In a New England Journal of Medicine article published March 15, researchers at Stanford University raised concerns with the ethical implications of artificial intelligence’s (AI) ability to make healthcare decisions for patients.
As machine learning and AI advance in their healthcare capabilities, information is limited on their ethical implications during the decision-making process. Some AI concerns are straightforward, like the probability an algorithm could mimic human biases based on race, while others pose less obvious risks.
“The use of machine learning in complicated care practices will require ongoing consideration, since the correct diagnosis in a particular case and what constitutes best practice can be controversial,” stated first author Danton Char, MD, and colleagues. “Prematurely incorporating a particular diagnosis or practice approach into an algorithm may imply a legitimacy that is unsubstantiated by data.”
Most notably, these algorithms have shown a previous capability of racial bias. In the article, Char and colleagues noted an AI program had shown inclination toward racial discrimination in a trial by predicting the offender’s “risk of recidivism.”
The researchers worried this racial discrimination could filter into healthcare algorithms when inclusive data is unavailable. For example, algorithms designed to predict patient outcomes using genetics could form a bias from a lack of information pertaining to certain populations. Char and colleagues pointed out the Framingham Heart Study, which used AI to predict the risk of cardiovascular events in non-white populations, demonstrated biased results in both the over- and underestimations of risk.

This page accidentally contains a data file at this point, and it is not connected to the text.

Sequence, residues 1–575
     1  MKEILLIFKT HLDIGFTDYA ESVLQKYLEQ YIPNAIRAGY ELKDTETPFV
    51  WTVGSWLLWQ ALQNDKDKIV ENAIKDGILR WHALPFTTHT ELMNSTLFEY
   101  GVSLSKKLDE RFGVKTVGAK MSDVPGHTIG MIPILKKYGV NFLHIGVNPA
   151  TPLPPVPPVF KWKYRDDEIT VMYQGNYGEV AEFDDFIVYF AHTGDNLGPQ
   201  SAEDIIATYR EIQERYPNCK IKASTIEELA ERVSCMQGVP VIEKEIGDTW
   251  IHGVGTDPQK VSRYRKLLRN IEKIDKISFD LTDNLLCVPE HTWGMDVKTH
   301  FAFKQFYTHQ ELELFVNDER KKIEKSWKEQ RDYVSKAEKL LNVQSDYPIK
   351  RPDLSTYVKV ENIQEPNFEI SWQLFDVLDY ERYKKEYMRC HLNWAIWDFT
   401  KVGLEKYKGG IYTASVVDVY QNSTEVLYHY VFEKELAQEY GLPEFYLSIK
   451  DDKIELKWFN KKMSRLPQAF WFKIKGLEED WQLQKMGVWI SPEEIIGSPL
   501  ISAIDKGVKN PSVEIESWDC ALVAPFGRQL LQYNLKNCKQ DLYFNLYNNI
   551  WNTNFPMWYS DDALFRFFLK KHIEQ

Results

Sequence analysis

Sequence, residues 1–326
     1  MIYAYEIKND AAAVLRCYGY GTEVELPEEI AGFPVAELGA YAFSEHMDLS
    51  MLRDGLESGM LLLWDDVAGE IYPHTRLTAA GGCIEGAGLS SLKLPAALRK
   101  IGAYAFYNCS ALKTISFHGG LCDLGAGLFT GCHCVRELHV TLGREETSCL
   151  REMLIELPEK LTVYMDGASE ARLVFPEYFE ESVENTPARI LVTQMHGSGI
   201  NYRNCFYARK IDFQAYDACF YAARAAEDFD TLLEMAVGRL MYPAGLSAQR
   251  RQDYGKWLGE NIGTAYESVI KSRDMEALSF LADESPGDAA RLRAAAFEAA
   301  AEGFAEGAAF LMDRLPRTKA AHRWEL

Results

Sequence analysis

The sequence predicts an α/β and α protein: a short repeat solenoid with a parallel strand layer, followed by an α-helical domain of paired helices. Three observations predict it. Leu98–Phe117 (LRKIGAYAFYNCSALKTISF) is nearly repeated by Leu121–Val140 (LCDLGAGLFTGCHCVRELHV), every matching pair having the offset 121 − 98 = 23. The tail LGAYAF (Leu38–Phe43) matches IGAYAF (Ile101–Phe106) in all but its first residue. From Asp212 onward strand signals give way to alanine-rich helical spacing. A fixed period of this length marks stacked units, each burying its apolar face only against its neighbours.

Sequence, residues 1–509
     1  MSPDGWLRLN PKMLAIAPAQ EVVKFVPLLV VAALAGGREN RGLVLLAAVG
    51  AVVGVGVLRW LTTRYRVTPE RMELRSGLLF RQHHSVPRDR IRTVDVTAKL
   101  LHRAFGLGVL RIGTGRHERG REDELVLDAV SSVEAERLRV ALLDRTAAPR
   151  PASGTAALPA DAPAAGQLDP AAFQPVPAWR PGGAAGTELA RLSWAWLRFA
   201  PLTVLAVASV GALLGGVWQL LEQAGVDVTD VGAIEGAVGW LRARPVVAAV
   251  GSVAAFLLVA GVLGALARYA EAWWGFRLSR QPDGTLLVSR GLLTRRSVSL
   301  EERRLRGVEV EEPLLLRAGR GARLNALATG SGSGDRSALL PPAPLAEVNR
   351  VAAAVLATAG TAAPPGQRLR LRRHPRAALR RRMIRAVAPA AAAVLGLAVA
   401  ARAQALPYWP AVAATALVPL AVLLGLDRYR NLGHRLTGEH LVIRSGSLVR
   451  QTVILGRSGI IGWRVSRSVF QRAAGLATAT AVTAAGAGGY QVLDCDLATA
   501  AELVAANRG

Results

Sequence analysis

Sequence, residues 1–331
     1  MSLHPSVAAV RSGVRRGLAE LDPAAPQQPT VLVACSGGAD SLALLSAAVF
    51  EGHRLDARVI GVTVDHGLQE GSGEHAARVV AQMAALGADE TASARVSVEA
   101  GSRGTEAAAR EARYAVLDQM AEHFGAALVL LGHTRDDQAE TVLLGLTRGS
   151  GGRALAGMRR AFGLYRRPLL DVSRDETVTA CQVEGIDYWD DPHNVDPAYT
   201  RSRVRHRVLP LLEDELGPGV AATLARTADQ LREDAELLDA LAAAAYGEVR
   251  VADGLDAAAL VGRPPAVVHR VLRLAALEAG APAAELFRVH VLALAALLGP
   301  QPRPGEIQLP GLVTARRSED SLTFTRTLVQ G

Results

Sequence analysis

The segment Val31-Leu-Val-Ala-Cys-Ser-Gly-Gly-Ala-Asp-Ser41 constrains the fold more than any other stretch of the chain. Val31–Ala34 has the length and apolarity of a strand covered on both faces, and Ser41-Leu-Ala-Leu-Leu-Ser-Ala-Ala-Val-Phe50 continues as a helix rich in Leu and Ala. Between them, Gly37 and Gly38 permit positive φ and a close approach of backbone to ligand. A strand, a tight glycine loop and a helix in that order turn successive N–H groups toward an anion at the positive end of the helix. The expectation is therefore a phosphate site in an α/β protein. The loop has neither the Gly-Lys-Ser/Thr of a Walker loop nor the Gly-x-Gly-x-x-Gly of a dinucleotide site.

In the NEJM article, researchers pushed for updated ethical guidelines for machine learning and AI to include the education of physicians in building AI systems, improving selection of data sets for AI and implementing limitations. Remaining compliant with the current construction of AI systems would only advance the rate of concerning ethical decisions, they wrote.
“We believe that challenges such as the potential for bias and questions about the fiduciary relationship between patients and machine-learning systems will have to be addressed as soon as possible,” concluded Char and colleagues. “Machine-learning systems could be built to reflect the ethical standards that have guided other actors in healthcare—and could be held to those standards. A key step will be determining how to ensure that they are—whether by means of policy enactment, programming approaches, task-force work or a combination of these strategies.”